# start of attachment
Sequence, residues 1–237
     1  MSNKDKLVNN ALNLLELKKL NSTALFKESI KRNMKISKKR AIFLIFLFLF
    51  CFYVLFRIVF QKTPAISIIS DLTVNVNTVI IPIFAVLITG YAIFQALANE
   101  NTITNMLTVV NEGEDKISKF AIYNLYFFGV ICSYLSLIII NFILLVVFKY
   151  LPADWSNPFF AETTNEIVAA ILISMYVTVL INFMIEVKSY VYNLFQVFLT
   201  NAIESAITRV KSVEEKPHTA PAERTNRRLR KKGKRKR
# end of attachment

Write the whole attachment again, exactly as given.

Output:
Sequence, residues 1–237
     1  MSNKDKLVNN ALNLLELKKL NSTALFKESI KRNMKISKKR AIFLIFLFLF
    51  CFYVLFRIVF QKTPAISIIS DLTVNVNTVI IPIFAVLITG YAIFQALANE
   101  NTITNMLTVV NEGEDKISKF AIYNLYFFGV ICSYLSLIII NFILLVVFKY
   151  LPADWSNPFF AETTNEIVAA ILISMYVTVL INFMIEVKSY VYNLFQVFLT
   201  NAIESAITRV KSVEEKPHTA PAERTNRRLR KKGKRKR